Foreign players in Japan often joke that Japanese are “all thrown out at age 30” because of rigorous training from the age of 12, Kuehnert said by phone from Sendai, Japan. “They throw easily two to three times more pitches in their career than Americans,” he said. “They play 360 days out of the year. It’s taken to an extreme that you don’t see in America. So the level is very high, but they break down sooner.”
Pitchers have a more mixed record in the major leagues than Japanese hitters like Matsui, Tadahito Iguchi, and Ichiro Suzuki, who Seattle bought from Orix BlueWave for $13.1 million in 1998. Hideo Nomo and Kazuhiro Sasaki won Rookie of the Year honors and broke records, but Hideki Irabu never lived up to his billing with the Yankees and went 34-35 with a 5.14 earned run average. Kazuhisa Ishii returned to Japan after a 3-9 year with the New York Mets. Another Met, Masato Yoshii, went 32-47.
Kuehnert said Igawa’s arm was too sore to throw toward the end of the 2006 season. Manager Bobby Valentine, who has captured titles with the New York Mets and the Chiba Lotte Marines, his current Japanese team, said Igawa’s “stuff was a little more crisp” when he first saw the pitcher a few years ago.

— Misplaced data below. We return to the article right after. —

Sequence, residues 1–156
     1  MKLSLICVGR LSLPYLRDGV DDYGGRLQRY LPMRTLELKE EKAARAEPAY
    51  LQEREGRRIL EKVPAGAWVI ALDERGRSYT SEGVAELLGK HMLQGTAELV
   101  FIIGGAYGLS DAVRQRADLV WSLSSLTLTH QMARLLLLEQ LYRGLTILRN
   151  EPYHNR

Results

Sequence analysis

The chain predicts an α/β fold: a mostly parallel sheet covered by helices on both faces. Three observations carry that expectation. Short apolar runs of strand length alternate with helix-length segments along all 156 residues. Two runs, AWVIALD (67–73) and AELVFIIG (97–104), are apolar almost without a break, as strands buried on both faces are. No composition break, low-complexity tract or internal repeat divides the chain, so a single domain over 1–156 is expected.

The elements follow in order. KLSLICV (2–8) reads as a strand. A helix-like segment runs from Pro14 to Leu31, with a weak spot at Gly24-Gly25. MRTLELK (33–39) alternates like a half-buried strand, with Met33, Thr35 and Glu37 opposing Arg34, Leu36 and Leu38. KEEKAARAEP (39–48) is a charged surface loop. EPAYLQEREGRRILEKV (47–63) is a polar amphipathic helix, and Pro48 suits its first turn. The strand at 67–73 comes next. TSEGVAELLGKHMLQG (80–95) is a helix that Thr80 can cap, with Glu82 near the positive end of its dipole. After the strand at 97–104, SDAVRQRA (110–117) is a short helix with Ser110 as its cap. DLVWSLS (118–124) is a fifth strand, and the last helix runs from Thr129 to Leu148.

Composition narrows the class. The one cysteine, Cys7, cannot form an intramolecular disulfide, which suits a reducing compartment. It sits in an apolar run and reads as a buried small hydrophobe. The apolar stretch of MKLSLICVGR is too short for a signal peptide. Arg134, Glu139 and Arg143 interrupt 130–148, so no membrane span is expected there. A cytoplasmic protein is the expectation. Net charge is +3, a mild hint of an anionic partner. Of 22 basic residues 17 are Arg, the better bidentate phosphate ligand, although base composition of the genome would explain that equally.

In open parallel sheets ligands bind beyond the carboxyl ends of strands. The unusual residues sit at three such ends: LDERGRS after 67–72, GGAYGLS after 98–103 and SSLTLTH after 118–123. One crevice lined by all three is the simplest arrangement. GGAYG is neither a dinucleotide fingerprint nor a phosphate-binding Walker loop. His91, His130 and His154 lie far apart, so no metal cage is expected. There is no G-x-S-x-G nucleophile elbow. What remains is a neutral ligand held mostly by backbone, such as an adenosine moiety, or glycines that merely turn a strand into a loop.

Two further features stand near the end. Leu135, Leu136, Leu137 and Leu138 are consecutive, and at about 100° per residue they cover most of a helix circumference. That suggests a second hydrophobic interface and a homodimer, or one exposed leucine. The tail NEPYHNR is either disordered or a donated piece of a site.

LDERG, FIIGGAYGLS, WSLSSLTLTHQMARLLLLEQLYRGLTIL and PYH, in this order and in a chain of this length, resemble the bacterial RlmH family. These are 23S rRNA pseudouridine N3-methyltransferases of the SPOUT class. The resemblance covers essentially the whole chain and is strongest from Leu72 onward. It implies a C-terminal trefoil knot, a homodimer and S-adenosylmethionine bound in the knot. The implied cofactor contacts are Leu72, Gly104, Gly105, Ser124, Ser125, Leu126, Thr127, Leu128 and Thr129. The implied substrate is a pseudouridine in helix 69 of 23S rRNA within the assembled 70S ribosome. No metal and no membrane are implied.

While overthrowing is “a definite concern,” Valentine said the superior mechanics of Japanese pitchers might help them outlast Americans, who emphasize throwing harder, though less often. “Pitchers in Japan are taught at a very early age what proper form is,” he said by phone from his home in Connecticut. “They’re less prone to injury than in America, where they deal with results rather than form. If Matsuzaka is going to have an arm problem, he probably already would have had it in high school.”